One warm Friday evening, when Libby had taken ill, I found Beau at the disco with a bunch of his friends. Final exams were over so everyone was in a celebratory mood. I walked over to him and congratulated him – he was now officially an engineer. Of course I wanted him even more now. We danced a couple of times and as the night wore on, he drank more and got more intoxicated. We cosy-ed up to each other on the dance floor that night until it closed. To cut a long story short, a month later, I found out I was with child – Beau's child.

Of course by this time, rumours were spreading around campus about Beau's misdemeanours and he and Libby were going through a rough patch in their relationship. When I told Beau about the little one growing inside me, he looked like he'd just seen a ghost. I was hurt that he'd find it so dreadful to father a child with me. Granted, he was in love with someone else. I knew that our culture wouldn't let him off the hook that easy and knowing who my parents were and their influence in our country, he had to do the right thing and marry me. He did.

We were wed a few months later. After the wedding, our families put us up in a nice little apartment close to the university so that I could finish school. A few years after our first baby was born, I graduated with honours and got a job at a bank. Beau and I somehow managed to make life work. I could tell he was finding it difficult to adjust to married life at first, but he did eventually. After the baby was born I had never seen him happier. He dotted over our little one and me that as soon as I could, I gave birth to another just to make him happy, and he was for a time.

As the children grew, he became more distant, took to drinking again and staying out late. I knew about the other women too, a woman always knows. He'd come home at night and look at me with disgust. I wasn't what/who he'd wanted. He called me a liar and a trickster. I thank God he never laid a hand on me though. I did all I could to try to get him to love me more, but it all seemed fruitless. He wasn't happy and all our friends could tell. Libby's name came up in a lot of their conversations and when she finally got married was when the drinking started.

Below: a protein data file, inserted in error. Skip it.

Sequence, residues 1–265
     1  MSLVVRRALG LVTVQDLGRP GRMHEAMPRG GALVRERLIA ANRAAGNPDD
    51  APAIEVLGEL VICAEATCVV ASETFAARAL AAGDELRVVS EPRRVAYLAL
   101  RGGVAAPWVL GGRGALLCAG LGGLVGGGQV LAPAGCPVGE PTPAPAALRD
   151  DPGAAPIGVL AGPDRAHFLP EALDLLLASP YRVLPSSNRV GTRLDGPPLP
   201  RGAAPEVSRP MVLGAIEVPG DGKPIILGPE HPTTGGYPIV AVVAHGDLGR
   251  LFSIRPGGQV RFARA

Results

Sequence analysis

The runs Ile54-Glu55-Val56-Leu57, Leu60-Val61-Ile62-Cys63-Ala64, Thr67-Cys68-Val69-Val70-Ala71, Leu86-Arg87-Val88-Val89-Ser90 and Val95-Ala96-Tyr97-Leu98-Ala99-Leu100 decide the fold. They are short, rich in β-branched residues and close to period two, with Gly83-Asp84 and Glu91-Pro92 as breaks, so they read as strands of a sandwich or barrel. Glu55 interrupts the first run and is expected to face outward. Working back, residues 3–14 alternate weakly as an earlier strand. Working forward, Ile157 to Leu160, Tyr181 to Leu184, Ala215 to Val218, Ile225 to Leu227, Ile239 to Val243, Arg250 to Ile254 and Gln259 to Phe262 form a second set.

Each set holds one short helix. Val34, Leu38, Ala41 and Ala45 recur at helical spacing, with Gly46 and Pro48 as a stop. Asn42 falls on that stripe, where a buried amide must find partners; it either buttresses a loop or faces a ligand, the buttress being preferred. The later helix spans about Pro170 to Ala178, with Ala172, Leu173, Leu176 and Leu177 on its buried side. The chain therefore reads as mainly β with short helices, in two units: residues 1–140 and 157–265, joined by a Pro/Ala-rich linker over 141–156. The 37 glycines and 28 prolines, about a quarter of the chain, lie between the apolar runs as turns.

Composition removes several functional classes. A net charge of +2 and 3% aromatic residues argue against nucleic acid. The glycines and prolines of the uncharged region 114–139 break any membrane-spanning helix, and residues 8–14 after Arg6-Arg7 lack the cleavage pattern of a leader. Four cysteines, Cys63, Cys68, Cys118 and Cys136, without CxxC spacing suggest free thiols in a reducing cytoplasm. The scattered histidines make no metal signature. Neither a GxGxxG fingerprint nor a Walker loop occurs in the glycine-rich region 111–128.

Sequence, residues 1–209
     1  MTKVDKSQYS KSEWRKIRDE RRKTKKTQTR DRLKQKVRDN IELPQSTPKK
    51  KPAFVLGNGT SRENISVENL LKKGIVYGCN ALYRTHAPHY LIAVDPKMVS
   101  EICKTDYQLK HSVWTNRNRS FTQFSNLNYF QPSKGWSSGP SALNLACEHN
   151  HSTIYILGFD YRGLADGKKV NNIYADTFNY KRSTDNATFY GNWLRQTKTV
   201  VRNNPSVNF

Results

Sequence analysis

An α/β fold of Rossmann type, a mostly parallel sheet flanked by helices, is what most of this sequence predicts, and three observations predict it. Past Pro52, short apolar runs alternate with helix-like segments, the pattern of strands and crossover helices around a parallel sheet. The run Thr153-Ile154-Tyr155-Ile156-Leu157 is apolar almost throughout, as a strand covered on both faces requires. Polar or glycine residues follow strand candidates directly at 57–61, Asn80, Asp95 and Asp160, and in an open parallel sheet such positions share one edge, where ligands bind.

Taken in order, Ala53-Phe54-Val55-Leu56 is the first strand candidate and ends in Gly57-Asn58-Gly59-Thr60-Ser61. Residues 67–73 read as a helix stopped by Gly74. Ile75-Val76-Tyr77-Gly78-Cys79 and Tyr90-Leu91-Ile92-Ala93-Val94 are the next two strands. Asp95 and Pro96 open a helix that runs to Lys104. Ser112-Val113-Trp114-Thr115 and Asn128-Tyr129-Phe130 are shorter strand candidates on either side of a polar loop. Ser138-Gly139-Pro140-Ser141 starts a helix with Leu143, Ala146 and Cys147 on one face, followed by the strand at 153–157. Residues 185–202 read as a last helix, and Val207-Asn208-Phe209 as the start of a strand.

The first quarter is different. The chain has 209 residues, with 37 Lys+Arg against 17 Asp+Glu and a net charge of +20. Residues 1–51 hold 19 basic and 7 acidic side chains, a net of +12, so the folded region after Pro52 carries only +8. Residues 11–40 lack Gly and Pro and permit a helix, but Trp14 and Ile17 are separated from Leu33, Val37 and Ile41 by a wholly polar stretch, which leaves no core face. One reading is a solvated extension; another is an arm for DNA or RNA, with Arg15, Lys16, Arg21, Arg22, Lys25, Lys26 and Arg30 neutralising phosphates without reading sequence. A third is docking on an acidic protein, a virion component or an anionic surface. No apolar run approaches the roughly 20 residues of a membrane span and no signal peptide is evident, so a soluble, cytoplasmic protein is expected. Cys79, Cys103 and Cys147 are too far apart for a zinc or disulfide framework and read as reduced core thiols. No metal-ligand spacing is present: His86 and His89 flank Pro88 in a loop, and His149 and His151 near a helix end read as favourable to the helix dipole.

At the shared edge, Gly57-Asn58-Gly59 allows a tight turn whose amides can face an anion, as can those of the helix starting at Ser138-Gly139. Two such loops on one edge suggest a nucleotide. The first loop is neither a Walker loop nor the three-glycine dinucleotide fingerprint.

Fifteen years after we got married I found out that Beau had HIV. He had kept it a secret until he fell badly and I had to nurse him at the hospital. I found out I had it too. We fought and he asked for a divorce, but I refused. There was no way I was going to be the woman who had failed to make her marriage work! So we stayed together, we suffered together; and sometimes, in a good season, we would laugh together. Beau finally stopped fighting “us” and when he did, life got a lot better.

We have a house, two fully grown children, a business and good jobs. We're settled now. Looking back, I know I made some dumb choices, but the decision to stay together for our children is not one I will ever regret. Beau and I are friends. I don't know if he has ever loved me the way a man loves a woman, but I know he has a form of love towards me. I am grateful for whatever he can give me. Older and wiser now, I regret that my pride got in the way of our happiness.

Founder and Editor in Chief of the Readers Cafe Africa